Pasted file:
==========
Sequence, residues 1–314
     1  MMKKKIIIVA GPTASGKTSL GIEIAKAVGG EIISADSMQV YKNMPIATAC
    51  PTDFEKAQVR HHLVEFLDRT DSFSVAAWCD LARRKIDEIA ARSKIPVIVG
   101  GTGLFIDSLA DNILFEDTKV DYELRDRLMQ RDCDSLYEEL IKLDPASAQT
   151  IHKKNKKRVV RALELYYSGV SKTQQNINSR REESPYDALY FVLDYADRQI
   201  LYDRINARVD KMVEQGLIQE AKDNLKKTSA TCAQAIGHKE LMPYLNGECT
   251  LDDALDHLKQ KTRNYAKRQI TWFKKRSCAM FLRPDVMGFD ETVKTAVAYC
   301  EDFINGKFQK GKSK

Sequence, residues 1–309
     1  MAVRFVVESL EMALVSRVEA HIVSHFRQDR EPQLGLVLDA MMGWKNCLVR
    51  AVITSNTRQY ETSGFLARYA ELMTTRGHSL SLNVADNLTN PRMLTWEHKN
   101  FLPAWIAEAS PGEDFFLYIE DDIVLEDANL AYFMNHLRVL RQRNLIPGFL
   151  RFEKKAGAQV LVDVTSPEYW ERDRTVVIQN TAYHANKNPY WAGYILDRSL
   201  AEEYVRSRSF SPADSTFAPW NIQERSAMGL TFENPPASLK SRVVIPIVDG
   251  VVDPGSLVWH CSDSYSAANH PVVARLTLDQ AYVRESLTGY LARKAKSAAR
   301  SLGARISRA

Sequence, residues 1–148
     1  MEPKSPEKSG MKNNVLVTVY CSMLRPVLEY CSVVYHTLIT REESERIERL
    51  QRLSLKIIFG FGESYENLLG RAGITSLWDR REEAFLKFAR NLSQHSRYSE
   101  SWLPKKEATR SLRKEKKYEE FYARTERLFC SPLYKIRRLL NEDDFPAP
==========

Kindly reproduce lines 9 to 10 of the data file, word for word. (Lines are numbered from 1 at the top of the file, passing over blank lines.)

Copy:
Sequence, residues 1–309
     1  MAVRFVVESL EMALVSRVEA HIVSHFRQDR EPQLGLVLDA MMGWKNCLVR